We have two Twitter questions for you. One user she says her favorite production collaboration was “The Hardest Thing” with Tyler Ward. What was yours?
My favorite collaboration…my favorite collaboration, I’d probably have to say “Just a Dream” with Christina and of course, Sam as well. They worked so well together vocally, and I’m really proud of how that production came out. Yeah, I think that was one of my favorites.
Another Twitter user asks: is :1 supposed to be a matter-of-fact face? Sorry, I’m just confused.
Colon, one is the smiley that means everything: it can be happy, it can be sad, it can be confused, it’s just the anything smiley.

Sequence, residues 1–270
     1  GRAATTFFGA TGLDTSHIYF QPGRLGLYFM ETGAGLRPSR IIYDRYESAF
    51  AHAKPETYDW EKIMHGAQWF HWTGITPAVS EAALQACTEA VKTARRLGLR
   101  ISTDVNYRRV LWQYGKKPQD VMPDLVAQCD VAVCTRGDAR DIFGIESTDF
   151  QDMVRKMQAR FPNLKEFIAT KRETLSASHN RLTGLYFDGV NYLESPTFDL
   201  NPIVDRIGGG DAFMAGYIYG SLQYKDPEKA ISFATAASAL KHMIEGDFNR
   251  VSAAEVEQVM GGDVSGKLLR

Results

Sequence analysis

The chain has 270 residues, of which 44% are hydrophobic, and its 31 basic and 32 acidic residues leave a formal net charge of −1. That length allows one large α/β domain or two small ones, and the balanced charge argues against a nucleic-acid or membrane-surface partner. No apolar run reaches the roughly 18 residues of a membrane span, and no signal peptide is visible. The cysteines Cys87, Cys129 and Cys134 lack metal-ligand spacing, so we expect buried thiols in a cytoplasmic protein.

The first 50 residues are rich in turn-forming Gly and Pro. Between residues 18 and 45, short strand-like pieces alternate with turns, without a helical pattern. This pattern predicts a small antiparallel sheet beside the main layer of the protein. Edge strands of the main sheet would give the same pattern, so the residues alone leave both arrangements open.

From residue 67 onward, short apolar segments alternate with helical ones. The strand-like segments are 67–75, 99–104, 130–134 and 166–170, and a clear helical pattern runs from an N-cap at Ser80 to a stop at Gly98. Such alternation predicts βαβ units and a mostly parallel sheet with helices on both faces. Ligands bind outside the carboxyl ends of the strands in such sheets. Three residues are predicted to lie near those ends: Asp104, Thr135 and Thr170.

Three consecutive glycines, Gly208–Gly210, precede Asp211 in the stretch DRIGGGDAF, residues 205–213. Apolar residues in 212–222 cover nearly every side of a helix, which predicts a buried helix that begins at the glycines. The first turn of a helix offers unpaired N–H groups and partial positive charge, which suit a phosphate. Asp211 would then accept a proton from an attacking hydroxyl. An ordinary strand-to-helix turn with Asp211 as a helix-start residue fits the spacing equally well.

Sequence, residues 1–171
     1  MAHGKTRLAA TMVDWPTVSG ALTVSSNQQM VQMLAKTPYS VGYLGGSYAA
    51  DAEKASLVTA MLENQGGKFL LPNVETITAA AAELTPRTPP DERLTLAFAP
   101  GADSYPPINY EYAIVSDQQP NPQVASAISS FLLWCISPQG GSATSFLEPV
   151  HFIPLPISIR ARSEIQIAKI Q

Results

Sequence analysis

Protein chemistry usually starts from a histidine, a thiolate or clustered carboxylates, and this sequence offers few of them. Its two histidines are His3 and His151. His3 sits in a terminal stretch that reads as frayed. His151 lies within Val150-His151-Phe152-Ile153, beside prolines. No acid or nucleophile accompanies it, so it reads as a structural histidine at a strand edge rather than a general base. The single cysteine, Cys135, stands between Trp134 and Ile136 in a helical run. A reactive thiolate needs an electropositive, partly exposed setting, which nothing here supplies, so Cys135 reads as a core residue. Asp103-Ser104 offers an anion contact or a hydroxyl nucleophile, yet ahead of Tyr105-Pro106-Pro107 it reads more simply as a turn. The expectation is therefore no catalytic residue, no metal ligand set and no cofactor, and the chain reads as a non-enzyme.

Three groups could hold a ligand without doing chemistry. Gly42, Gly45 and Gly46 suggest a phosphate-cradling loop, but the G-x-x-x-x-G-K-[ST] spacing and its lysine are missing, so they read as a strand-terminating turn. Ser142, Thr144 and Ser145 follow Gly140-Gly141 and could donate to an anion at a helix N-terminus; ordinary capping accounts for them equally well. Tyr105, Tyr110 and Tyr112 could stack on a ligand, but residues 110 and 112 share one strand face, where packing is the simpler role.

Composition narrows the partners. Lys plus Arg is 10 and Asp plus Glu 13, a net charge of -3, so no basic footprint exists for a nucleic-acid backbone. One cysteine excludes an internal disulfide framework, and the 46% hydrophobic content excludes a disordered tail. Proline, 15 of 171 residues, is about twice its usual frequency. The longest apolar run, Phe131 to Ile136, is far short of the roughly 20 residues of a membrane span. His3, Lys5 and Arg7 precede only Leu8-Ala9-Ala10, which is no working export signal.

Any secret projects coming up?
Well, there is one project, but there’s no release date, or it may be well down the line, so I don’t want to get people’s hopes up. But, we filmed “College Musical the Movie,” and we’re in the process of finishing it up. It’s definitely the biggest project that I’ve ever been involved with, and I’m very proud with how it turned out, and I just really hope that people can see it sometime soon.
Photography by Melly Lee